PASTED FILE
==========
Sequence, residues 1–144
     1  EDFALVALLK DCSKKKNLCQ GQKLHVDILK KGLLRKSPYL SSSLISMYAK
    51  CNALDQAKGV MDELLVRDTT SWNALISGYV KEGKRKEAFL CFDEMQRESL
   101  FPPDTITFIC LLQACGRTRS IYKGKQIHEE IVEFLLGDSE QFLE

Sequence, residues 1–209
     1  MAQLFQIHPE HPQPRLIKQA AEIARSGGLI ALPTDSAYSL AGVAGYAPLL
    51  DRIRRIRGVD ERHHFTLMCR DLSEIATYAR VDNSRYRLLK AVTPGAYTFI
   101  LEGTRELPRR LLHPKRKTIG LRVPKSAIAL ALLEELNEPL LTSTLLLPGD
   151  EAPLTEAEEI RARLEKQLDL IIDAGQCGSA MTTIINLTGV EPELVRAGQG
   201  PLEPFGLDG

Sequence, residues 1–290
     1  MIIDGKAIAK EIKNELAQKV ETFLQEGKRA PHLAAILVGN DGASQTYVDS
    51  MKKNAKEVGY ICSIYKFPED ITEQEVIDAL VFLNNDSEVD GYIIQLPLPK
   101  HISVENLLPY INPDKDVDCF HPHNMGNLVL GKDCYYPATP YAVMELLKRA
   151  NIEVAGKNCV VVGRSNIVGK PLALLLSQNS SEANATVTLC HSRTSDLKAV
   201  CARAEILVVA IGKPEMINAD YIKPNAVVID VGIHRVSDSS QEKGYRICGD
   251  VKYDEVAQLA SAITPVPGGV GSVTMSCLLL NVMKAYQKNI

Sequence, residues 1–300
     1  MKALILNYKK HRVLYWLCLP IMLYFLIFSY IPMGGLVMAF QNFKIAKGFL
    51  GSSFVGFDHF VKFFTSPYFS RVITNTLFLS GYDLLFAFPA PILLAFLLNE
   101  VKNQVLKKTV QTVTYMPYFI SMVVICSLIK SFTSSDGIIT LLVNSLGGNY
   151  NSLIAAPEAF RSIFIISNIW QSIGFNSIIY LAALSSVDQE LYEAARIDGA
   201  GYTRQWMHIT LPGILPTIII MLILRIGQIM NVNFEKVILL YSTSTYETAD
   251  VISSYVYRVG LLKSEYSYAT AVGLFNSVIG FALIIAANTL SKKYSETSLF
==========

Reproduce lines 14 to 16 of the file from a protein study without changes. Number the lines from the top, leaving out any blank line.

   101  HISVENLLPY INPDKDVDCF HPHNMGNLVL GKDCYYPATP YAVMELLKRA
   151  NIEVAGKNCV VVGRSNIVGK PLALLLSQNS SEANATVTLC HSRTSDLKAV
   201  CARAEILVVA IGKPEMINAD YIKPNAVVID VGIHRVSDSS QEKGYRICGD